Degree(s): MA '73 (News-Editorial)
How long were you at your previous job?
I left Ashland Inc. and Valvoline after 21 years. I am now a PR consultant and freelance writer, a part of what Tina Brown calls “The Gig Economy.”
What did you do?
Valvoline is a marketer of automotive products and services. It’s best known for its motor oils and its involvement in auto racing. I directed communications and public relations related to the marketing of the Valvoline, Eagle One and Zerex brands. I also directed our public relations efforts in motorsports, including NASCAR.
How did you get your job?
I went to undergraduate school in Lexington and returned to Kentucky 15 years ago after leaving a public relations agency job in Detroit.
What was the best professional lesson you learned at the J-School?
Good stories are not written; they are re-written.
What would be your best advice to current students?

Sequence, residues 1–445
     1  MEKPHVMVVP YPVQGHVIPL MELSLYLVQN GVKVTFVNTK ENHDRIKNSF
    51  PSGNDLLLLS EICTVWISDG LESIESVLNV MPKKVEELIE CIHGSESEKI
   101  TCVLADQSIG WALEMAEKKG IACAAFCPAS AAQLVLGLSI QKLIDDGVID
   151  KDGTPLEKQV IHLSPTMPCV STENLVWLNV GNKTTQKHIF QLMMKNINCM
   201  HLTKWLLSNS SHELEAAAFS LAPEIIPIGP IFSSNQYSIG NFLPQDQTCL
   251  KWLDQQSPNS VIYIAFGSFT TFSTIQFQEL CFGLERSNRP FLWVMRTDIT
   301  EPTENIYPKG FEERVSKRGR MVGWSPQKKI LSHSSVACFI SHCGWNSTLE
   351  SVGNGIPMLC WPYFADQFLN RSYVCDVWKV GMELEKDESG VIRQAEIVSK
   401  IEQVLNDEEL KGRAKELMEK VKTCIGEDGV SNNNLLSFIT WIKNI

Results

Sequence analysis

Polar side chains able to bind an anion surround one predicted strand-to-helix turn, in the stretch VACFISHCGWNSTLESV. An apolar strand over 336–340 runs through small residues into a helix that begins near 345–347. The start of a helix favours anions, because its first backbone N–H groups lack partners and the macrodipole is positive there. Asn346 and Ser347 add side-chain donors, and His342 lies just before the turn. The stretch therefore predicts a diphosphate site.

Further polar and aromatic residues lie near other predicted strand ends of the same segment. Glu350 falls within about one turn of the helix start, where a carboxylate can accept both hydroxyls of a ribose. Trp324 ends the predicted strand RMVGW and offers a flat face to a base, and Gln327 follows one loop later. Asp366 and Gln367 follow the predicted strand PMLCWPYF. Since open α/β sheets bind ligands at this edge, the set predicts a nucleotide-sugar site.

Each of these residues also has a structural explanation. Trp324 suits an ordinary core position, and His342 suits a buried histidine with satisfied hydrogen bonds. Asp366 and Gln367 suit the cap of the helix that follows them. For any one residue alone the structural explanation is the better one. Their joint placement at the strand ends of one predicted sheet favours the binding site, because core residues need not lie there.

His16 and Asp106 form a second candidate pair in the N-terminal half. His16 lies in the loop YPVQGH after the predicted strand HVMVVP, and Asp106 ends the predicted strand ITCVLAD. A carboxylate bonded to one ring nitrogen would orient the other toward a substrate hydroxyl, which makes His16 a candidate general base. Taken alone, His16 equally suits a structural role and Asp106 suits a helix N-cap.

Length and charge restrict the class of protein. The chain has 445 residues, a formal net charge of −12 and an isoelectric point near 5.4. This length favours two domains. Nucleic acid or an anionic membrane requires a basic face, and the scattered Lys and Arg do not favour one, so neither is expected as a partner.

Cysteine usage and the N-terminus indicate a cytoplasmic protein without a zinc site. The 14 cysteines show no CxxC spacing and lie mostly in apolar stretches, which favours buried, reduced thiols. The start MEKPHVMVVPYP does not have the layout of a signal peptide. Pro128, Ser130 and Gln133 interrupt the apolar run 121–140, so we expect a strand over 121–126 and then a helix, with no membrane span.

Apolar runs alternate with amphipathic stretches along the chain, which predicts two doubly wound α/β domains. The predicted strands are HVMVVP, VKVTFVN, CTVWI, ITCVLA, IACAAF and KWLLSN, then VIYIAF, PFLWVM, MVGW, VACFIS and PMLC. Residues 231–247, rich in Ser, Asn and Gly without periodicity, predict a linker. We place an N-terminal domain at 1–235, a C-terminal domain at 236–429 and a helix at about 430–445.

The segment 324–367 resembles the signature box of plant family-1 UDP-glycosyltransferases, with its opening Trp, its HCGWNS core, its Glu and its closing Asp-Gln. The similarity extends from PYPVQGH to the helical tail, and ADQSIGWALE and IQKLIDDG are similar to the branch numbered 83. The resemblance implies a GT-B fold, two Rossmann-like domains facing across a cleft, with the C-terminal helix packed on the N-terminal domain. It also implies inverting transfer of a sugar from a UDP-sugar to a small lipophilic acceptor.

Learn writing and editing as a craft, not just as a course for your resume. There is always a place for someone who can express himself in print.
What do you consider to be your greatest professional achievement?
As deputy press secretary to Kentucky’s first woman governor, I wrote the speech calling for a special legislative session to enact historic education reform.
What else would you like to accomplish?
I’d like to option my screenplay, “Jazz Farm,” about musicians at the Federal Narcotic Farm in Lexington. The CIA experimented on them with LSD in the early 1960s and rewarded them with heroin. I’ve adapted the screenplay for a novel with the same name. An excerpt was published three years ago in the French magazine “Grand Prix.”
What is the secret to success?
There is no secret. You can have all the education and skills in the world, and they won’t do you any good unless you can communicate well and get along with others.
Updated: November 2, 2011